Edwin Arlington Robinson

(22 December 1869 – 6 April 1935 / Maine / United States)

Edwin Arlington Robinson Poems

121. The Garden 1/3/2003
122. The Gift Of God 1/3/2003
123. The Growth Of Lorraine 1/3/2003
124. The House On The Hill 1/3/2003
125. The Klondike 1/3/2003
126. The Long Race 1/3/2003
127. The Man Against The Sky 1/3/2003
128. The Master 1/3/2003
129. The Mill 1/3/2003
130. The New Tenants 1/3/2003
131. The Old King's New Jester 1/3/2003
132. The Pilot 1/3/2003
133. The Pity Of The Leaves 1/3/2003
134. The Poor Relation 1/3/2003
135. The Rat 1/3/2003
136. The Return Of Morgan And Fingal 1/3/2003
137. The Revealer 1/3/2003
138. The Sage 1/3/2003
139. The Story Of The Ashes And The Flame 1/3/2003
140. The Sunken Crown 1/3/2003
141. The Tavern 1/3/2003
142. The Three Taverns 1/3/2003
143. The Torrent 1/3/2003
144. The Town Down By The River 1/3/2003
145. The Tree In Pamela's Garden 1/3/2003
146. The Unforgiven 1/3/2003
147. The Valley Of The Shadow 1/3/2003
148. The Voice Of Age 1/3/2003
149. The Wandering Jew 1/3/2003
150. The Whip 1/3/2003
151. The White Lights 1/3/2003
152. The Wilderness 1/3/2003
153. The Wise Brothers 1/3/2003
154. The Woman And The Wife 1/3/2003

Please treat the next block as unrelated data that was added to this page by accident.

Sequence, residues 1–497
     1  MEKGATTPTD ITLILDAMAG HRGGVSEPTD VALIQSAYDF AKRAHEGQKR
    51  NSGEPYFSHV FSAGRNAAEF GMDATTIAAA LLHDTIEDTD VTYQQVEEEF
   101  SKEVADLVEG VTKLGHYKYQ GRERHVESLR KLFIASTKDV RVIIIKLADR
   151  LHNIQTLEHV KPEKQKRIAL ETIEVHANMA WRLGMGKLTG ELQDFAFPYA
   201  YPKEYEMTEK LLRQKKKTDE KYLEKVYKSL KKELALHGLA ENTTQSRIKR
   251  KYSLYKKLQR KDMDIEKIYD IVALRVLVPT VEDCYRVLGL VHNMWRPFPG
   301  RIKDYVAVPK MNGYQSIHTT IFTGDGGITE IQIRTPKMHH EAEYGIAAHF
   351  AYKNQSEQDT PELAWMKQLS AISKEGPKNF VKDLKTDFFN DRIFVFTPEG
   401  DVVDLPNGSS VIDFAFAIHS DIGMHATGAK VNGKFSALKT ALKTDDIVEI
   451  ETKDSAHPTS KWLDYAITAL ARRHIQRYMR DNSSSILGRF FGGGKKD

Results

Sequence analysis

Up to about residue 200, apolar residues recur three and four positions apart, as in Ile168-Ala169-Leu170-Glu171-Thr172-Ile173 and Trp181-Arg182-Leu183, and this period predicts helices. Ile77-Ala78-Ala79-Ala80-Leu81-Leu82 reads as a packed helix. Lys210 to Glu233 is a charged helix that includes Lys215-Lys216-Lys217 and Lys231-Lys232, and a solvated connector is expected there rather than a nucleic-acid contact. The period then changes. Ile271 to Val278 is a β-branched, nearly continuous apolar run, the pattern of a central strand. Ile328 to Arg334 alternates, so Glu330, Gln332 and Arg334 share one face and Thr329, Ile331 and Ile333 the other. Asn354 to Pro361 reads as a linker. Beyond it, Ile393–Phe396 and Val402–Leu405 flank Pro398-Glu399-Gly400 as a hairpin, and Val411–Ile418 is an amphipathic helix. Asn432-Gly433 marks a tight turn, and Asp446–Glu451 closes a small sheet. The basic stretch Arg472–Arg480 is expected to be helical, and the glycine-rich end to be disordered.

155. The World 1/3/2003
156. Theophilus 1/3/2003
157. Thomas Hood 1/3/2003
158. Three Quatrains 1/3/2003
159. Twilight Song 1/3/2003
160. Two Gardens In Linndale 1/3/2003
Best Poem of Edwin Arlington Robinson

Richard Cory

Whenever Richard Cory went down town,
We people on the pavement looked at him:
He was a gentleman from sole to crown,
Clean favored, and imperially slim.

And he was always quietly arrayed,
And he was always human when he talked;
But still he fluttered pulses when he said,
'Good-morning,' and he glittered when he walked.

And he was rich - yes, richer than a king -
And admirably schooled in every grace:
In fine, we thought that he was everything
To make us wish that we were in his place.

So on we worked, and waited for the light,
And went ...

Read the full of Richard Cory

Dear Friends

Dear Friends, reproach me not for what I do,
Nor counsel me, nor pity me; nor say
That I am wearing half my life away
For bubble-work that only fools pursue.
And if my bubbles be too small for you,
Blow bigger then your own: the games we play
To fill the frittered minutes of a day,
Good glasses are to read the spirit through.

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